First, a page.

By Connor Lynch
NORTH GOWER — While 2019 brings with it a promise of new markets for some farmers, the year is expected to be a mixed bag at best. Some farmers might have to tighten their belts.
Overall predictions from the major banks and Farm Credit Canada reveals a tightening market more prone to unpredictability. According to FCC principal ag economist Craig Klemmer, speaking to farmers at North Gower in December, Canada’s overall farm economy is “strong, but not quite as strong as hoped.”
Producers across the spectrum are facing challenges. Soybean prices struggled with the U.S.-China trade war, Ontario’s sizeable corn crop was badly mauled by vomitoxin in Southwestern Ontario, the dairy sector faces the twin specters of the new NAFTA deal; an implemented CPTPP trade deal gobbling up market share while the hog sector faces flat prices hovering close to break-even.
It’s not all doom and gloom. The newly-implemented CPTPP is a challenge for the dairy sector but an opportunity for beef and pork producers. Access to the Japanese market means a big new market for hogs and cattle, though Canadian producers will be going up against low-cost, high-quality product out of Australia, Klemmer said.
The Canadian dollar is expected to hover around US 75 cents for the year, which is great news for exports. But the dollar value needs to watched. According to Klemmer’s math, every 1 cent change in the Canadian dollar in relation to the U.S. dollar will mean a $5/acre margin change for grain farmers, $1 per hog for pork producers and a $13 change for beef animals. For example, if the Canadian dollar increased from US $0.75 to US $0.76, crop farmers’ margins get tighter by $5 per acre of crop.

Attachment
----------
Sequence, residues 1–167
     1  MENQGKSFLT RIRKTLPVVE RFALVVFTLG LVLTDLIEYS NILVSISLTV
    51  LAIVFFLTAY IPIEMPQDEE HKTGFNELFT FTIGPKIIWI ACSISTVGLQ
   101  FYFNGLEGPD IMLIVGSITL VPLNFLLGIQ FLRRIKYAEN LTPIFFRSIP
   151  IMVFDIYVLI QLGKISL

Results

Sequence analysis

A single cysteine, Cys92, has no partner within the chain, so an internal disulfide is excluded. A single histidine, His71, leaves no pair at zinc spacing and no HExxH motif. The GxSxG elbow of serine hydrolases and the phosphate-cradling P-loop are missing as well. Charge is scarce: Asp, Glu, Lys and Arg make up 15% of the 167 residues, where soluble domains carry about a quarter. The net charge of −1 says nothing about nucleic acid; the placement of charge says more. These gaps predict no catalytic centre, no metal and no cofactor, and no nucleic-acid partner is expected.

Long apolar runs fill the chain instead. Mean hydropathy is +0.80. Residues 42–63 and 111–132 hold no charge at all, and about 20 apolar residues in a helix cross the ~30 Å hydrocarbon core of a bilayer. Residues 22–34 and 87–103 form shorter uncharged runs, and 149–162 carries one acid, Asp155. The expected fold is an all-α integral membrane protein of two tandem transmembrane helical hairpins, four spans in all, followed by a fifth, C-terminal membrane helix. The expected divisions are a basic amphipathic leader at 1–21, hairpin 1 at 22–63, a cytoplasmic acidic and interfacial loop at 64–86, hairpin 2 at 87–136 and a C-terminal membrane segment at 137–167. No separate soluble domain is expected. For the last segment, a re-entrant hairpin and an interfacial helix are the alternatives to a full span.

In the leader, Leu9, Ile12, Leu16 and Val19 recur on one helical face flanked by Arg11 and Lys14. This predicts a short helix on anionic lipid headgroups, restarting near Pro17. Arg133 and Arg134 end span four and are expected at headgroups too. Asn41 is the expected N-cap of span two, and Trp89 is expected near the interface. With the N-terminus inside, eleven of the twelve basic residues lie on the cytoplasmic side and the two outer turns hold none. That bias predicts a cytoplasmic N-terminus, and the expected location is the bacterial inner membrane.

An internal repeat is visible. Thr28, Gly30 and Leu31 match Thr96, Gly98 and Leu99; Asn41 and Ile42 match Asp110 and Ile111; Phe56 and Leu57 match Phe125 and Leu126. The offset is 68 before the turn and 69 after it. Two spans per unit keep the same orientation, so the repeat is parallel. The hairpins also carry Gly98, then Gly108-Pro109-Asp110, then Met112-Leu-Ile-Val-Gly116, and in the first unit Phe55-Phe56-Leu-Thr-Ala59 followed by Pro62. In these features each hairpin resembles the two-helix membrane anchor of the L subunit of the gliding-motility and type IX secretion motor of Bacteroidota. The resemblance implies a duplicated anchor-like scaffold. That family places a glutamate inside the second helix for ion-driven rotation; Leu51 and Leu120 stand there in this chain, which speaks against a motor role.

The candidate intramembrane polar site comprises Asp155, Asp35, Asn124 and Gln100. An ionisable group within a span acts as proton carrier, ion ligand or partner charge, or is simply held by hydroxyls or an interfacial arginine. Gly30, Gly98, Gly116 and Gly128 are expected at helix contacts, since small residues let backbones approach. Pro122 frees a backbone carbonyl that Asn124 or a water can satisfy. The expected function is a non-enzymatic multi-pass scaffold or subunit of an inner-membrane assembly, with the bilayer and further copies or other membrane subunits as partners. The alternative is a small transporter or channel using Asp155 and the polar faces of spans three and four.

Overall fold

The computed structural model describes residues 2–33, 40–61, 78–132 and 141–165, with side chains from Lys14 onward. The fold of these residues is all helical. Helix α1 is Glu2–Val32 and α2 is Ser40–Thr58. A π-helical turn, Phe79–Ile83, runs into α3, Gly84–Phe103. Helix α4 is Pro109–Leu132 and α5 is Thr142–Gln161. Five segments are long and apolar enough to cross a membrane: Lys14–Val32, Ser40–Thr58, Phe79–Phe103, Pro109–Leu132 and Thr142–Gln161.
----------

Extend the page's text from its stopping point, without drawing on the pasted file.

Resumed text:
Consumers are going to be price-conscious; their disposable debt-to-income ratios are around 1.7 across Canada, said Klemmer, meaning for every dollar the average consumer earns, he has $1.70 in debt. The underlying message is that you cannot expect consumers to be eager to pay more for food.
Canada’s low interest rates are creeping up. The Bank of Canada raised interest rates five times last year, and has shown no hesitancy to do so. The new year could well see more increases. However, farmers’ debt-to-asset ratios are at historic lows, around 0.15 in Ontario, meaning most Ontario farmers have around 15 cents in debt for every dollar in assets they own. Klemmer said that suggests most farmers are in a good place to handle interest rate increases.
Commodity prices are not likely to rise through the year, Klemmer says, projecting a 1 to 2 per cent increase in farm cash receipts, on average, but is expecting that to come largely from producers growing more crop.
One large question remains. Will the U.S. actually make its massive swap of soybean acreage to corn? American farmers are expected to swap an enormous four million acres of soybeans to corn production, which would devour North America’s already tight fertilizer supply and push fertilizer prices even higher, Klemmer said.
However, this prediction is predicated on the U.S.-China trade war continuing. Talks in January concluded on Jan. 9, with some signs of progress.